For the 512GB SSD, the sequential read is 3,200MB/s, and the write is 2,830MB/s — both admirable scores for PCIe 3.0, though still way short of PCIe 4.0, which can hit 6,500MB/s and 4,380MB/s, respectively. Maybe we'll see that upgrade for the XPS 17 in 2022.
It is also noteworthy that the XPS 17 has a secondary empty NVMe slot letting you quickly expand storage with your high-performance SSD of choice.
Battery life is a mixed bag, as it depends on how much of that GPU and CPU you are using. For web browsing and productivity, you could get six to eight hours. If you start gaming, rendering, or crunching data with that CPU, you will go down to five hours or less depending on the display brightness. That's not excellent battery life, but the battery here can't get much larger to Dell's credit. However, the 130W Type-C charger is one of the smallest I have seen, making it easy to pack in a bag.
Looking at synthetic battery tests, the XPS 17 does quite well on PCMark 10's Modern Office, which loops through Microsoft Office apps, the web, and video conferencing with occasional breaks in between. On that test, the XPS 17 garnered a respectable eight hours and 58 minutes at 180 nits of brightness. But if you go to straight-up gaming, pushing the CPU and GPU simultaneously, battery life drops to two hours and 11 minutes. That is not at all surprising considering how much power an 8-core CPU and RTX 2060 can gulp when required.
The bottom line is the XPS 17 does what it sets out to do: It is an enormously powerful, 17-inch workstation that never gets obnoxiously loud or hot when in use. My only complaint is a minor one, but essential to some folks: coil whine. While not severe, I have noticed it when the XPS 17 is plugged in and on max power — the usual culprits. It is only occasional (not persistent), but worthy of mention.
Dell XPS 17 and the competition
If you are strictly looking at 17-inch workstations, there are not many alternatives to the XPS 17.
The LG gram 17 is an excellent laptop that weighs just 2.98 pounds (1.35 kg). It has a "2K" display, but due to its 15-watt quad-core processor and no discrete graphics, it is a 13-inch Ultrabook made enormous (and light). The gram 17 is an excellent option for photo editing and productivity, but not for video editing, engineering, or rendering.
The Razer Blade Pro 17 is a massive gaming rig that can outperform the XPS 17. It features a more traditional 16:9 display, but it can be configured with up to an RTX 2080 Super Max-Q and a 120Hz 4K display. It also has a higher starting price of $2,600. While technically portable, the Blade Pro 17 is a much larger laptop than the XPS 17.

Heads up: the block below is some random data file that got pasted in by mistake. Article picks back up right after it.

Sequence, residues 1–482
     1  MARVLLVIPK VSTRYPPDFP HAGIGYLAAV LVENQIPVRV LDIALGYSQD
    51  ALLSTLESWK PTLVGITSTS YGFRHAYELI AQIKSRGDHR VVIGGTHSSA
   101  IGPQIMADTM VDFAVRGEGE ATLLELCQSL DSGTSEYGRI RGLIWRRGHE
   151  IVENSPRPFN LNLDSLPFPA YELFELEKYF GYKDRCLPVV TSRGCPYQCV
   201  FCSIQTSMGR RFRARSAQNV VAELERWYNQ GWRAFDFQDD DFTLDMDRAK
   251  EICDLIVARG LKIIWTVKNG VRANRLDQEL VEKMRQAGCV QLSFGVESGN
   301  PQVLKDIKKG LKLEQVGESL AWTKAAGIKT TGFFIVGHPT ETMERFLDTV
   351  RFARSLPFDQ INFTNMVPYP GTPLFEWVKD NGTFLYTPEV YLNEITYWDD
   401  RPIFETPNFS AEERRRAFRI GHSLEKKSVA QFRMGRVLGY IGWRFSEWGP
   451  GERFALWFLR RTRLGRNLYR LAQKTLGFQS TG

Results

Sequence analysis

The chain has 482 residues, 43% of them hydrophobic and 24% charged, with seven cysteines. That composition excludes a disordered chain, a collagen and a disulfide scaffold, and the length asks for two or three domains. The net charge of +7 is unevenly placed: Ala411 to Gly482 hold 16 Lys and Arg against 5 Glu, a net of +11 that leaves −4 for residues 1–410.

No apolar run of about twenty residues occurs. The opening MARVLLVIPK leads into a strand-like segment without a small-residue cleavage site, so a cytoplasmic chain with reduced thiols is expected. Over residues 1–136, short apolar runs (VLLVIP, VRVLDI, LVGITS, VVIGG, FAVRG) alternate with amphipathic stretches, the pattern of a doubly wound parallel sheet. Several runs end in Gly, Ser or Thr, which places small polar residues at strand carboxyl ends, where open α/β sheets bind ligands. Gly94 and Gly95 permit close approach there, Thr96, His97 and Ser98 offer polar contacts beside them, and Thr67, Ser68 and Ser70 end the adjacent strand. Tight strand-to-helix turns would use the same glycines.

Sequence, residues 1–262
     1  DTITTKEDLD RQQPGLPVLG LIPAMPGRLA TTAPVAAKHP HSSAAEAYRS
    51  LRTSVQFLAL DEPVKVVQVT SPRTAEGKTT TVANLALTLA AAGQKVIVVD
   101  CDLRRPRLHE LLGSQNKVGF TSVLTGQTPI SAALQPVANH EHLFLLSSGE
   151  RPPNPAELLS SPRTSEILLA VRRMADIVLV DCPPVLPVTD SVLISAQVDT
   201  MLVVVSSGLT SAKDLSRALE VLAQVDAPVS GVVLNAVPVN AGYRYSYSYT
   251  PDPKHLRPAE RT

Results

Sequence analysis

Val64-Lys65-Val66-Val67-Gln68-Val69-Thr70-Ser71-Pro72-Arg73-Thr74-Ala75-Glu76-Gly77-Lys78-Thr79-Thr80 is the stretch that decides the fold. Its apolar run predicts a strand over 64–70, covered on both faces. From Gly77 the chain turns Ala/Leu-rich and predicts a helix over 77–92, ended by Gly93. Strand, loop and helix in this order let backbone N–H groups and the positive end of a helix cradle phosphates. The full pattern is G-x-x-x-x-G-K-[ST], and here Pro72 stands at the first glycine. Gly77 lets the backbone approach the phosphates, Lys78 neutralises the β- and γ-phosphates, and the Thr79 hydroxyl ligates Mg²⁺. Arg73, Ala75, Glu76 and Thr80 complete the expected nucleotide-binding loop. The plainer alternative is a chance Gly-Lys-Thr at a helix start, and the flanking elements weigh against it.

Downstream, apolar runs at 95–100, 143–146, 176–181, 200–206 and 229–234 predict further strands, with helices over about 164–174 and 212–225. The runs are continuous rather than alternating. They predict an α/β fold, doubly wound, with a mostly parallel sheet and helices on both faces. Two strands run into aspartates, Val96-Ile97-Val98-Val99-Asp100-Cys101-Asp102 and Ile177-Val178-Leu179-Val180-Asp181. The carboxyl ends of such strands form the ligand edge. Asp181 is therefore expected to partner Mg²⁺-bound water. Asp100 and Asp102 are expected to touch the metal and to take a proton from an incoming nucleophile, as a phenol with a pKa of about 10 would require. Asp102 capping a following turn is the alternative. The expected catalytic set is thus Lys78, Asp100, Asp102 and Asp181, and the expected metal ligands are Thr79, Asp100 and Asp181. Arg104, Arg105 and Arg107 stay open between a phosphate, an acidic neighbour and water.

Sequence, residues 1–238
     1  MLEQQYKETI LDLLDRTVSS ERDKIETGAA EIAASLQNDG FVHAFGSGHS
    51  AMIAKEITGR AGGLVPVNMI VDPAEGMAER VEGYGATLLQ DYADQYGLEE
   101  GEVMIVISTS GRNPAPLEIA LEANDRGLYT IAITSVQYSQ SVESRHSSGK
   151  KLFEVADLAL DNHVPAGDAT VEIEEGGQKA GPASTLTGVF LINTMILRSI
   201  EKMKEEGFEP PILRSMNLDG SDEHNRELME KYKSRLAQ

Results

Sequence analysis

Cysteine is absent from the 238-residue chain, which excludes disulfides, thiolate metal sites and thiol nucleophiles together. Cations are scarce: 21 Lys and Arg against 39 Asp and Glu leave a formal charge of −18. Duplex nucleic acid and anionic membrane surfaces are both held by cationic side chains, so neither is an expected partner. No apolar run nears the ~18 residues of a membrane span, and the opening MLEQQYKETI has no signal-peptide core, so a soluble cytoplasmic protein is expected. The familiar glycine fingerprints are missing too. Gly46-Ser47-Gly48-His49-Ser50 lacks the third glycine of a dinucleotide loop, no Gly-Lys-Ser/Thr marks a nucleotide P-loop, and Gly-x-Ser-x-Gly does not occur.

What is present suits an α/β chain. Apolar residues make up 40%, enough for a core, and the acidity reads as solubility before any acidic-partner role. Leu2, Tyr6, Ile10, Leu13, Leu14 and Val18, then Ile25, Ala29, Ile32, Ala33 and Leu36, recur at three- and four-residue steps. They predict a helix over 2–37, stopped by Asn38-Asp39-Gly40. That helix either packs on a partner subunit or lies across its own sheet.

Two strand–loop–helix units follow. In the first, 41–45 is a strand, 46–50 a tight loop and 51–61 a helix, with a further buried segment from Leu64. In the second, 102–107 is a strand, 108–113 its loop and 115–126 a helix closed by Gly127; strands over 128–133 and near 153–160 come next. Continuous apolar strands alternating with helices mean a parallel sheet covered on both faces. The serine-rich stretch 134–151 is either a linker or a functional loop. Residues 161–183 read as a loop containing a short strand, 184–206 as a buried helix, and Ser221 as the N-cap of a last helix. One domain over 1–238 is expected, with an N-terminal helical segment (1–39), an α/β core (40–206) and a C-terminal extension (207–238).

Perhaps the most interesting one I have not yet reviewed is the HP ENVY 17. It has a full number pad, which is missing on the XPS 17. It is significantly less powerful with only a quad-core processor (versus 8-core), and its GPU is limited to the modest Intel Iris Xe. Users can configure with up to a 4K display, 1TB SSD, and 32GB of RAM. The ENVY 17 starts at a more palpable $949, but for $1,500, you can spec it with a Core i7, 16GB, 512GB storage, and a 4K display.
The Dell XPS 15 (9500) can't be dismissed either. It is essentially the same laptop as the XPS 17, just smaller and with a less powerful GPU. Still, if you like the look and feature set of the XPS 17 but not the size, the XPS 15 is the logical go-to choice.
You can get more suggestions in our best 17-inch laptop guide.
It's just awesome
So should you buy a Dell XPS 17?
Who it's for
- If you are a music, video, or photo professional
- If you need a top-tier desktop-class display wherever you go
- If you are an engineer, scientist, or developer working with large data sets
- If you need a premium, powerful, but portable 17-inch workstation
Who it isn't for
- If you only want to game
- If you need inking
- If you want a convertible PC
- If you want a thin and light PC
The Dell XPS 17 is, in many ways, the laptop I've wanted Dell to make. It takes its screen technology to the max, letting you sit behind a wall of pixels in your lap, delivering an experience no other laptop can match. It's simply stunning, and if you do photo or video editing or any task where accurate color detail is required, you're going to love it. It's the main reason to buy the XPS 17.